Exiting Ineffective Teachers Policy
The state should close loopholes that allow teachers who have not met licensure requirements to continue teaching.
Ohio allows teachers who have not met standard licensure requirements for a particular endorsement area to teach in that area under a supplemental license. The license must be requested by the employing superintendent and is only issued to those who hold a currently valid Ohio standard certificate "to teach in a supplemental area while they are in the process of obtaining standard licensure for that area." The certificate is valid for one year, and although it is renewable twice, successful completion of the Praxis II content knowledge test for the particular licensure area is required for the first renewal.
Ohio Supplemental Teacher License http://www.ode.state.oh.us/GD/DocumentManagement/DocumentDownload.aspx?DocumentID=11292 Ohio Administrative Code 3301-24-14
Ensure that all teachers pass required subject-matter licensing tests before they enter the classroom.
While Ohio's policy offering its supplemental license for one year only before requiring successful completion of the Praxis II does minimize the risks of having teachers in classrooms who lack sufficient or appropriate subject-matter knowledge, the state could take its policy a step further and require all teachers to meet subject-matter license requirements prior to entering the classroom.
Ohio recognized the factual accuracy of this analysis. The state added that through state initiatives and programs such as the TeachOhio program, the state is working with Educational Service Centers (ESCs) and districts/schools to assist teachers holding supplemental licenses to move as quickly as possible to full licensure; the TeachOhio program includes specific and targeted support for teachers who need to successfully complete a licensure test.
Teachers who have not passed licensing subject-matter tests place students at risk.
While states may need a regulatory basis for filling classroom positions with a few people who do not hold full teaching credentials, many of the regulations permitting this put the instructional needs of children at risk, often year after year. For example, schools can make liberal use of provisional certificates or waivers provided by the state if they fill classroom positions with instructors who have completed a teacher preparation program but have not passed their state licensing tests. These allowances are permitted for up to three years in some states. The unfortunate consequence is that students' needs are neglected in an effort to extend personal consideration to adults who cannot meet minimal state standards.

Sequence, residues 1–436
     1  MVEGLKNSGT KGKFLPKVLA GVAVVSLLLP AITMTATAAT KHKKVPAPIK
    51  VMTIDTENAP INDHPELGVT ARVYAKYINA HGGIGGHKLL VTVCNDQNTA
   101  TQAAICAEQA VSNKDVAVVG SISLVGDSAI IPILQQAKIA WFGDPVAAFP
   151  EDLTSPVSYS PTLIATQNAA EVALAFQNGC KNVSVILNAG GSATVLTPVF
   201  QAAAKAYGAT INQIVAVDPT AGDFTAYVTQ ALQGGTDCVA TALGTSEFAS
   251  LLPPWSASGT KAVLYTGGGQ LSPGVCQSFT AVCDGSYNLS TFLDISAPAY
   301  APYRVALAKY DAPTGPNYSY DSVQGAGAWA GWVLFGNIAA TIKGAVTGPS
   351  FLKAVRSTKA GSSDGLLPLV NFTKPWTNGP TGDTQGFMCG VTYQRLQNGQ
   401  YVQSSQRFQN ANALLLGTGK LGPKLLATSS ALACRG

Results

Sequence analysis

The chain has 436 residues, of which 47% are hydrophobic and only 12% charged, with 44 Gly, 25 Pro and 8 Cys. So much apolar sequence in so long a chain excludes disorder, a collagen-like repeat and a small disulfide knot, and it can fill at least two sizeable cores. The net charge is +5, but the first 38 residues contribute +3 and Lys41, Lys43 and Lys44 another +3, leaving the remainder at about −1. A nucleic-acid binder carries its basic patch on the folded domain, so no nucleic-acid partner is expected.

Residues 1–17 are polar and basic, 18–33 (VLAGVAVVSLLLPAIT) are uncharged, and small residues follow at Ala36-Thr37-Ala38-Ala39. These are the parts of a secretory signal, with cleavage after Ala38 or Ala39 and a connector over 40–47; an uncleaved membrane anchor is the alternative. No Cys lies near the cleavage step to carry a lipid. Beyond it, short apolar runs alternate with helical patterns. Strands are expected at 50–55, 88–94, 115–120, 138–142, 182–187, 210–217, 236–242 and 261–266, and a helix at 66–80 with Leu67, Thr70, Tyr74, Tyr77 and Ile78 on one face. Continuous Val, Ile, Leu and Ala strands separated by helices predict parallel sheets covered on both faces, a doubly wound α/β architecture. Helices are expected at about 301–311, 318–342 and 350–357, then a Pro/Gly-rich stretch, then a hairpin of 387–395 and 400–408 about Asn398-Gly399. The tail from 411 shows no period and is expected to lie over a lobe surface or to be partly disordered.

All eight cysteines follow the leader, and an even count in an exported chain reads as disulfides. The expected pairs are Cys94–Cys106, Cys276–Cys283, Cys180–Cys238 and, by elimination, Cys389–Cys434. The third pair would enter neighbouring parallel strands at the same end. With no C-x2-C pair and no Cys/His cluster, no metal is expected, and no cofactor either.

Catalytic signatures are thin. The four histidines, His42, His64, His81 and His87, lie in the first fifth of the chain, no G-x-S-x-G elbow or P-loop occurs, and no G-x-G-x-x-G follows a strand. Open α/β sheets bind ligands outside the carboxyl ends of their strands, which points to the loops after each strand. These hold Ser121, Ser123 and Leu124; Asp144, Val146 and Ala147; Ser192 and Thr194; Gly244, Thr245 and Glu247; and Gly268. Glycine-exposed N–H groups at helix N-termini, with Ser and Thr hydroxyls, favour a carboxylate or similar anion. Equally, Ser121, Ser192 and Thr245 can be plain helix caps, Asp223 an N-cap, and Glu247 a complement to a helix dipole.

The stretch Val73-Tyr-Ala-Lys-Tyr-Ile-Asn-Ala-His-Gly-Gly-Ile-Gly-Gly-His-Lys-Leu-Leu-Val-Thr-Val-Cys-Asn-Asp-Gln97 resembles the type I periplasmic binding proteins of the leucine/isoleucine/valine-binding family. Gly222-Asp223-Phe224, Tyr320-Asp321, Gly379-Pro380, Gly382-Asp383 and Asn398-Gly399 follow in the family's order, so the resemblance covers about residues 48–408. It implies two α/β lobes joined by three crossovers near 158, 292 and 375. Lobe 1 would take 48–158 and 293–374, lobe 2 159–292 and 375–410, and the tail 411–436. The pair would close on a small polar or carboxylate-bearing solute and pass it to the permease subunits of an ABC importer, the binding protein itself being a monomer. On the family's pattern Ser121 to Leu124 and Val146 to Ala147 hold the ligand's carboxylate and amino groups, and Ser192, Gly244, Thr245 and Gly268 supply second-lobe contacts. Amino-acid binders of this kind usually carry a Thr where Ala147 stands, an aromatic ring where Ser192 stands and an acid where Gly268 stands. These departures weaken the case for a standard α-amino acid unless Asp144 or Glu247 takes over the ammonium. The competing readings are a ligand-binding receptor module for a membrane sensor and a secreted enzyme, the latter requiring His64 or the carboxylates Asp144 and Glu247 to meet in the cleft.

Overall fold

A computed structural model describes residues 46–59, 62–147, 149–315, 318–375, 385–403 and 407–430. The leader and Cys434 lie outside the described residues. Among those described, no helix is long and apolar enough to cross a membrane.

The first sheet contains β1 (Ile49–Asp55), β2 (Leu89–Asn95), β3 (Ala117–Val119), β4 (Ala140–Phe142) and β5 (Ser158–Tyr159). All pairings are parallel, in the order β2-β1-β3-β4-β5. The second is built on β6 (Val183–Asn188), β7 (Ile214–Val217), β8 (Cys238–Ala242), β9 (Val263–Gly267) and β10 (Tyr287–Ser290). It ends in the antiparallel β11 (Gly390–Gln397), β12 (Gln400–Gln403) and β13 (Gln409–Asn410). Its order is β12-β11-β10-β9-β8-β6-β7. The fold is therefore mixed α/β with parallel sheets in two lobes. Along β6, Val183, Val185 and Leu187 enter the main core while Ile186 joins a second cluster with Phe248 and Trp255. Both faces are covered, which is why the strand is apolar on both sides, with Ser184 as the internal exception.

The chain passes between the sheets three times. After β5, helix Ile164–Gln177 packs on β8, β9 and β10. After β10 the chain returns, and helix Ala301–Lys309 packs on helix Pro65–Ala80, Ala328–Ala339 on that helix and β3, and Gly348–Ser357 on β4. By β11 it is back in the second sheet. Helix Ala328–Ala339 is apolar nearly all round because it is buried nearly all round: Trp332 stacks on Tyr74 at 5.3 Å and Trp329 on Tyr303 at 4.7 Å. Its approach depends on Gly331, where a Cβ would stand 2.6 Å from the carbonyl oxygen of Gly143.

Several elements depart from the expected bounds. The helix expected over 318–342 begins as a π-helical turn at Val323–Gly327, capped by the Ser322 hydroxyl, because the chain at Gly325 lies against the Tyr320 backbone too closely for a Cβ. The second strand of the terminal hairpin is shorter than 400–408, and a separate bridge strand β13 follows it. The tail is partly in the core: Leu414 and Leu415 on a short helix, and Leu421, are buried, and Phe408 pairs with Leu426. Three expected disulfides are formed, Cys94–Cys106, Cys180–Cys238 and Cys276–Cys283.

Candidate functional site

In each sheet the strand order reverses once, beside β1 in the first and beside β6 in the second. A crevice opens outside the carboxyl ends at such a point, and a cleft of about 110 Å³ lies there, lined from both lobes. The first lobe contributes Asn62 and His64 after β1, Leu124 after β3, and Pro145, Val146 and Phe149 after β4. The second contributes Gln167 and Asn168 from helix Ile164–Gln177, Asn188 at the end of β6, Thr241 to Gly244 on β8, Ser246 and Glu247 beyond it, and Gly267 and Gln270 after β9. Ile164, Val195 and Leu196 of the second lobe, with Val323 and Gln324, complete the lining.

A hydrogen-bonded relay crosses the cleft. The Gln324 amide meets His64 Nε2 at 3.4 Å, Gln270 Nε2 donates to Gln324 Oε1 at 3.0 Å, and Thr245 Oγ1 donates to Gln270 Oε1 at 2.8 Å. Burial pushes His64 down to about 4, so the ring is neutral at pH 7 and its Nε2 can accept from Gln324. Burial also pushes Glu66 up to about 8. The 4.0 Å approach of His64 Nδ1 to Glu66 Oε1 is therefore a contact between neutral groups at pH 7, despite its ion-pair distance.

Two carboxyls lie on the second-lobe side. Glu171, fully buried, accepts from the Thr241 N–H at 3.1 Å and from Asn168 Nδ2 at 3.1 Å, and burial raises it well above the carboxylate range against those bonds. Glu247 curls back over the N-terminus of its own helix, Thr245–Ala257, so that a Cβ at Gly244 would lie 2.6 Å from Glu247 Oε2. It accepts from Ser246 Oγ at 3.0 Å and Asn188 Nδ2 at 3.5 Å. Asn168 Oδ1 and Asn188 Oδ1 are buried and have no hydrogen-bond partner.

While some flexibility may be necessary because licensing tests are not always administered with the needed frequency, the availability of provisional certificates and waivers year after year signals that even the state does not put much value on its licensing standards or what they represent. States accordingly need to ensure that all persons given full charge of children's learning are required to pass the relevant licensing tests in their first year of teaching, ideally before they enter the classroom. Licensing tests are an important minimum benchmark in the profession, and states that allow teachers to postpone passing these tests are abandoning one of the basic responsibilities of licensure.
Extended Emergency Licenses: Supporting Research
Research has shown that "the difference in student performance in a single academic year from having a good as opposed to a bad teacher can be more than one full year of standardized achievement." See E. Hanushek, "The Trade-Off between Child Quantity and Quality," The Journal of Political Economy, Volume 100, No. 1, February 1992, pp. 84-117. Hanushek has also found that highly effective teachers can improve future student earnings by more than $400,000, assuming a class of 20. "The Economic Value of Higher Teacher Quality", National Bureau of Economic Research, Working Paper 16606, December 2010.